Suffering and sickness in the bible – Part 24
Reasons For Believers’ Sickness Cont’
God’s grace and power are clearly seen and profoundly revealed amid our human weakness.
• The greater our weakness and trials for Christ, the more grace God will give to accomplish His will. What He gives is always sufficient for us to live our daily lives, work for Him, and to endure sufferings and thorns in the flesh (cf. 1Cor 10:13). As long as we draw near to Christ, He will give us His heavenly strength and comfort.
II. We should boast and see eternal value in our weaknesses, for they cause Christ’s power to rest and live within us as we walk through life towards our heavenly home.
As A Result Of Pride
E.g. Uzziah (2 Chr. 26:15-20); Nebuchadnezzar (Dn. 4:28-37); Herod (Acts 12:23).
• Uzziah king Of Judah (2Chr. 26:1-23; 2 Kg. 15:1-7).
Read 2 Chro 26. The reign of Uzziah (Azariah) is divided into two parts: the years he sought the Lord and the years he was unfaithful to the Lord. The Bible emphasises that seeking God results in blessing and help, whereas failure to seek God results in spiritual decline and judgment (see v.5-7 and 16-20; see 15:2)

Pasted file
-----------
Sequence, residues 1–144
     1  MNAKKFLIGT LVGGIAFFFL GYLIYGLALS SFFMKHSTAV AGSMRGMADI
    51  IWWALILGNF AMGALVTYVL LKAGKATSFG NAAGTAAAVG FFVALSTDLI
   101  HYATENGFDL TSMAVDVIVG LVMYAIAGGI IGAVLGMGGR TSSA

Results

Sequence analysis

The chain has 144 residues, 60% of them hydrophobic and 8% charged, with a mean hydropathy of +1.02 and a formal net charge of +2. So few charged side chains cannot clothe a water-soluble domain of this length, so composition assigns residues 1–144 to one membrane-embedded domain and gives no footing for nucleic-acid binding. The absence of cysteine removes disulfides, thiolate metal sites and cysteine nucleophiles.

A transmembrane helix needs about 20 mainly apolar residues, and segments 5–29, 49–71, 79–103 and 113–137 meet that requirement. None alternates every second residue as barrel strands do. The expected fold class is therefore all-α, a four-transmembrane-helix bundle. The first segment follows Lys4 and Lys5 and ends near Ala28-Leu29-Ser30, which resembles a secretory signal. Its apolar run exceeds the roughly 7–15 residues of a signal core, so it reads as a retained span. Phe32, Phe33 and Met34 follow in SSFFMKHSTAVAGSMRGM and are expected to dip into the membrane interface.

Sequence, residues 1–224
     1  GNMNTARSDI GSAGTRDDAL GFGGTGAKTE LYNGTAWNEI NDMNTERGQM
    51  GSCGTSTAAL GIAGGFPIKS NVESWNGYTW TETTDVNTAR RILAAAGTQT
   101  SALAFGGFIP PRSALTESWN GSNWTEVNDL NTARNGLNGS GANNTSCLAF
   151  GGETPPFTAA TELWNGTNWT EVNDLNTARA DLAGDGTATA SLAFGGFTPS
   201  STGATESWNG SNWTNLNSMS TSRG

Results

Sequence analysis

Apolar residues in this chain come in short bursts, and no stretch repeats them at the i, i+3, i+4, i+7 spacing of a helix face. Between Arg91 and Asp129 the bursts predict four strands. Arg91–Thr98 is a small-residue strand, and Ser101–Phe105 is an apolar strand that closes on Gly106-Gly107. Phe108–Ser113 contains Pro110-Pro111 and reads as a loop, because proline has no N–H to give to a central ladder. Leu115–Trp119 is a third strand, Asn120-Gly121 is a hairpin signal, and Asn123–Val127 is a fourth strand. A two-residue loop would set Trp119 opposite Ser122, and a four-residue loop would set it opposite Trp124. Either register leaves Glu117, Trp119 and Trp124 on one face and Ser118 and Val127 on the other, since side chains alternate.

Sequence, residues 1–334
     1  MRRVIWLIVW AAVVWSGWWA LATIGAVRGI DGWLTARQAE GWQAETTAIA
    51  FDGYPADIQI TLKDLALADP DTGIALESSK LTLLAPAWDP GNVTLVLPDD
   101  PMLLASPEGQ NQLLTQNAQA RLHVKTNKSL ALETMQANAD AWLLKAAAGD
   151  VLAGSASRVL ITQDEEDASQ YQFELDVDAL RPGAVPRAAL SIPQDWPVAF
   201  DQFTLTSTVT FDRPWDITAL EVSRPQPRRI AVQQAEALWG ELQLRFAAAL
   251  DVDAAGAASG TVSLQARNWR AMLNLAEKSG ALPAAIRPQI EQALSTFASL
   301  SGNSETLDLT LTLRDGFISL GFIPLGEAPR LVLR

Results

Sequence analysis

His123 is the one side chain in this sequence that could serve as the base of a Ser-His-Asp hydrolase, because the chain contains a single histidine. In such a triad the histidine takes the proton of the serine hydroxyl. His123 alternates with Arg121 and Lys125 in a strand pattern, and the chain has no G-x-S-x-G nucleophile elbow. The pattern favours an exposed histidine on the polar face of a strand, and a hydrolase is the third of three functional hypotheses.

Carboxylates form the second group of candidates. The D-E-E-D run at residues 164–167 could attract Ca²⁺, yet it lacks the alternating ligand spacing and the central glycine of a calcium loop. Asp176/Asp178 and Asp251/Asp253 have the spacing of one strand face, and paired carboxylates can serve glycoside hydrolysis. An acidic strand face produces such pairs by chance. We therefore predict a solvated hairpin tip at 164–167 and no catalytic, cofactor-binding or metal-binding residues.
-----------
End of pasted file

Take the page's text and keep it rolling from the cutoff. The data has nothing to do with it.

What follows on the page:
“He sought God in the days of Zechariah, who had understanding in the visions of God; and as long as he sought the Lord, God made him prosper.” (2 Chr 26:5)
“As long as he sought the Lord.” As long as Uzziah (Azariah) continued to seek the Lord and follow His righteous ways, he was given grace, strength and help to rule as king of Judah (see 14:4)
“But when he was strong his heart was lifted up, to his destruction, for he transgressed against the Lord, his God, by entering the temple of the Lord to burn incense on the altar of incense.” (2 Chr 26:16)
“His heart was lifted up to his destruction.” Uzziah (Azariah) failed to realise that all he had accomplished had been with the help of God (v.5,7) and others (v. 8,11-13); the result was pride, and it led him into the sins of presumption and unfaithfulness (see Phil 2:3)
• Nebuchadnezzar (Read Dan 4)
“Therefore, O king, let my advice be acceptable to you; break off your sins by being righteous, and your iniquities by showing mercy to the poor. Perhaps there may be a lengthening of your prosperity,” (Dan 4:27).
“Break off your sins by righteousness.” The very fact that Daniel called for the king to repent indicates that God’s terrible judgment could be avoided. If Nebuchadnezzar would forsake his sins and turn to a righteous lifestyle, showing mercy to the poor and downtrodden whom he had oppressed, God would not carry out what He had revealed in the dream.
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